Long past the grim-dark of midnight, in a loud and crowded bar somewhere in the red-brick old town of Edinburgh, I found myself talking with a friend who was well and truly down in her cups due to a recently ‘celebrated’ birthday.

As the conversation unfolded, she repeatedly invited me to commiserate with her on the general unfairness of aging and the perceived dearth of her bright glow youth; to which I replied that, in all honestly, as I have gotten older I have noticed myself becoming markedly happier.

Sitting up suddenly, alert, incredulous, (and swaying not a little) she blurted: ‘How is that even possible?’.

This post is my answer to that question.

Oh! Time, you cruel bitch… ;-)

The 25th of July is my given birthday.  And on that date in 2015 I will be 37 years old.

Since my later childhood, with each year that has passes, I become happier.  This is not intended to be a boast, nor is it hubris or hyperbole, it is merely the truth.  This upward trend in the quality of my inner life has been consistent enough, and has continued for a long enough span of time that, at this point it cannot be ascribed to mere happenstance or luck.  The truth of the matter is that, far from being accidental, I believe the lions share of this utterly welcome phenomenon is down to five things that I actively: do, focus on, and cultivate in my day-to-day.

Would you like to know what they are?

#1 Meditation:

I have written before about what I consider to be the real value of meditation.  This practice, along with the process of doing my work, may well be the greatest tool and gift I have received in my life.

Imagine each day were a journey you had to take by car.  Every morning you must climb into the driver’s seat and set off on the road until you reach your destination.  The problem is, every day the windshield and mirrors are thick grimed with dust and the handbrake has reset to the ‘on’ position.  So you are faced with a choice.  You can rush to get started and drive your drive, hardly able to see the road ahead with the brakes all-screaming in your ears or… you could take a little time before you set off each morning to clean the dust from your windshield and mirror, and release the handbrake.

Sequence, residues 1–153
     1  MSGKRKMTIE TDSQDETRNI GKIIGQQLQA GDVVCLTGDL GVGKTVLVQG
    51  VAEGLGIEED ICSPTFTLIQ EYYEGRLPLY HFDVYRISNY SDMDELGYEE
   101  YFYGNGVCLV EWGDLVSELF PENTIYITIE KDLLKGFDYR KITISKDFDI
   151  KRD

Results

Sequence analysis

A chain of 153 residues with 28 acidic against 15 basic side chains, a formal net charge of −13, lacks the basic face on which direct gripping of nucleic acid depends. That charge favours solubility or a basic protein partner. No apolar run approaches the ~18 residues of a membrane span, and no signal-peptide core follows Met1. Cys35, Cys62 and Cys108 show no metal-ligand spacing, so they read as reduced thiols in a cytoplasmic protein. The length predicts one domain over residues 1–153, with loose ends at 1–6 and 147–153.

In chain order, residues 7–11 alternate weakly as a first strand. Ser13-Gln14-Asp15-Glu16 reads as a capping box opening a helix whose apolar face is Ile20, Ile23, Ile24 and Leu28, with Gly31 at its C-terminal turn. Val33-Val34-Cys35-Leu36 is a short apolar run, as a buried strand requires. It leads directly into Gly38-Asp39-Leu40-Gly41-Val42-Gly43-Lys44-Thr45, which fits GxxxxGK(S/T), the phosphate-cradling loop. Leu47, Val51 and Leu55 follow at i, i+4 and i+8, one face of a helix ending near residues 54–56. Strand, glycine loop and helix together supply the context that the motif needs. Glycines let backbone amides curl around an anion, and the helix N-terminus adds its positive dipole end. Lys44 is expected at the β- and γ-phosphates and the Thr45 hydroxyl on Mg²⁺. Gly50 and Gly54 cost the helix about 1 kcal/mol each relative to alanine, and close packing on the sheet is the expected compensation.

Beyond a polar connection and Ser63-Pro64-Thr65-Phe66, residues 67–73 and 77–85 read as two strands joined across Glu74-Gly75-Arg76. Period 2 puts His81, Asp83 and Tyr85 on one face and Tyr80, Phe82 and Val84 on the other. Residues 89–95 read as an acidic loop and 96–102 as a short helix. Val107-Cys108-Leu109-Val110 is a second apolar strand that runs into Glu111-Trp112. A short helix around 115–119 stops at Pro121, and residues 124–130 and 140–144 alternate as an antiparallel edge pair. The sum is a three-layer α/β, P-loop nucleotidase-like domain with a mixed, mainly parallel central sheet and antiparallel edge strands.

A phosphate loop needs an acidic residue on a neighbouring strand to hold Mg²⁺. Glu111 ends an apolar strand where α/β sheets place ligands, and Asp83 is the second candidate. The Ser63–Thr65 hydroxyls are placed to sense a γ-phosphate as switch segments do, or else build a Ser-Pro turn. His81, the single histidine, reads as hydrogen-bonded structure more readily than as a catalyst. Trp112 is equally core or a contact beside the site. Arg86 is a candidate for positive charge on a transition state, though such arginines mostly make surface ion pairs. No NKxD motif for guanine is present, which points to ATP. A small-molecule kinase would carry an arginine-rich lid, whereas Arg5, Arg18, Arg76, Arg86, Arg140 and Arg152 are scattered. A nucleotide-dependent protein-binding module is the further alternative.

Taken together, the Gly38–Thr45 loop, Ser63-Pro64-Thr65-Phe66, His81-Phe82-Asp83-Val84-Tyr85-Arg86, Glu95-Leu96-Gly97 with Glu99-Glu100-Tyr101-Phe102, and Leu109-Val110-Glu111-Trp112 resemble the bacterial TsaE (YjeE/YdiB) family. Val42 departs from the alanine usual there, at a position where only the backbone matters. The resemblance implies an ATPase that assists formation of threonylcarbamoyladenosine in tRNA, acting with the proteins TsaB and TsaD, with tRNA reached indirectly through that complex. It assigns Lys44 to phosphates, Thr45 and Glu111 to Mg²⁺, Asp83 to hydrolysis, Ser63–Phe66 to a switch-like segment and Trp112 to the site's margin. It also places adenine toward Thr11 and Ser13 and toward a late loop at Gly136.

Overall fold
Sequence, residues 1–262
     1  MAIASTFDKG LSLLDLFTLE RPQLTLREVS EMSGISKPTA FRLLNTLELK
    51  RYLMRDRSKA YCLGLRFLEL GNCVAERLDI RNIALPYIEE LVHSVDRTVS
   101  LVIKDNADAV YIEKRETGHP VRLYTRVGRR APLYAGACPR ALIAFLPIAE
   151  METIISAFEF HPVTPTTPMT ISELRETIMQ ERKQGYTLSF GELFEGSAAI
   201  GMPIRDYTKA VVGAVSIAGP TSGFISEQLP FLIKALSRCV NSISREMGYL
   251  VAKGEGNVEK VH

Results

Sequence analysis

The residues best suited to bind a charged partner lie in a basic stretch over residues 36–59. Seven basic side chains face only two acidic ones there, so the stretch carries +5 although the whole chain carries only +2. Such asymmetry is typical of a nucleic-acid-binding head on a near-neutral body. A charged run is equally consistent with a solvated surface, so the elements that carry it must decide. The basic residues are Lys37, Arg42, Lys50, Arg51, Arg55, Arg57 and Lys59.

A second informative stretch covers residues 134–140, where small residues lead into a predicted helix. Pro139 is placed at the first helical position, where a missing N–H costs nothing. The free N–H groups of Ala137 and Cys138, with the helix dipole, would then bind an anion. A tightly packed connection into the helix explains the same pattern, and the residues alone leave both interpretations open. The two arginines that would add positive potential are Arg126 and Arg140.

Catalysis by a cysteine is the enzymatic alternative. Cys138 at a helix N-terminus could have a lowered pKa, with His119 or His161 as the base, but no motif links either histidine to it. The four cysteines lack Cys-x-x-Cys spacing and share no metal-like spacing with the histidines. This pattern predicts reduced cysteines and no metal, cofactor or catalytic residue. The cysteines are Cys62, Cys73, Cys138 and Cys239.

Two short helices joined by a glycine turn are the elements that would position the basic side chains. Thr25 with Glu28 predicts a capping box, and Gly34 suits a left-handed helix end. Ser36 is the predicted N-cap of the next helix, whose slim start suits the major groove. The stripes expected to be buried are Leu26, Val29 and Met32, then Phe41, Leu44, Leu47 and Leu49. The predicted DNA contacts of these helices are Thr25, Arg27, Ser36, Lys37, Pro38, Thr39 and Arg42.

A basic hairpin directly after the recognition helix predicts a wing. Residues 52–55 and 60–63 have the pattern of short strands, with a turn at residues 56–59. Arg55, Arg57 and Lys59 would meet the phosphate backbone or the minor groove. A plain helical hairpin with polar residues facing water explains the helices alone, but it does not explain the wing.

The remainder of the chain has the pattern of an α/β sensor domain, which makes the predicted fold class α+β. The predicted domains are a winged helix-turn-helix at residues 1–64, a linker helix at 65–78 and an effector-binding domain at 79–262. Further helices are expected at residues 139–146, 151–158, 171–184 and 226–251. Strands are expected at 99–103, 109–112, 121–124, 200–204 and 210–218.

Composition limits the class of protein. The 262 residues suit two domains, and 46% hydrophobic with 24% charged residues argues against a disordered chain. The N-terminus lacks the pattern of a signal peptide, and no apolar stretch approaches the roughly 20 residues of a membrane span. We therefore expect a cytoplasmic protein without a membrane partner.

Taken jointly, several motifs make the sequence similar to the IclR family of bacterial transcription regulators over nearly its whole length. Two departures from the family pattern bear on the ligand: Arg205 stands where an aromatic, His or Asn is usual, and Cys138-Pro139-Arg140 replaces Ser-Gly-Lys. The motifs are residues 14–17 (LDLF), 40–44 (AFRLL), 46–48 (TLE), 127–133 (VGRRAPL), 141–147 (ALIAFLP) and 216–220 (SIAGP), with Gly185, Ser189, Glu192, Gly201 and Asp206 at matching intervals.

Meditation has had a global effect on my life.  It has made everything better.

#2 The Physical:

I work out most days for at least an hour, and have done so for a long time and, strange as it may seem, the physical gains (while a welcome side benefit), are not the primary driver behind this particular behaviour.

Long ago I noted that: on days that I work out, I am able to be a better person; both for myself and for the people around me.  I am able to work harder for longer, to sustain focus, and create things of a much higher quality.  I am able to be kinder, calmer, more compassionate, and more loving.

On days that I work out, I operate at a different frequency.

#3 Reading and Study:

I have written previously on this blog about some of the reasons why I think reading is so important.  I have also posted about how many books I read each month.  Something I haven’t said thus far is: the real reason that I read so widely is to find the books that I can read deeply.  Books that hold information and knowledge that, when contemplated, can literally change the way a person looks at things, feels about things, the way that someone acts in the world.

These books have gifted me benefits too innumerable to recount.

#4 A Good Work:

A huge part of my happiness and satisfaction in life comes from doing a work that I love, that creates real value for others.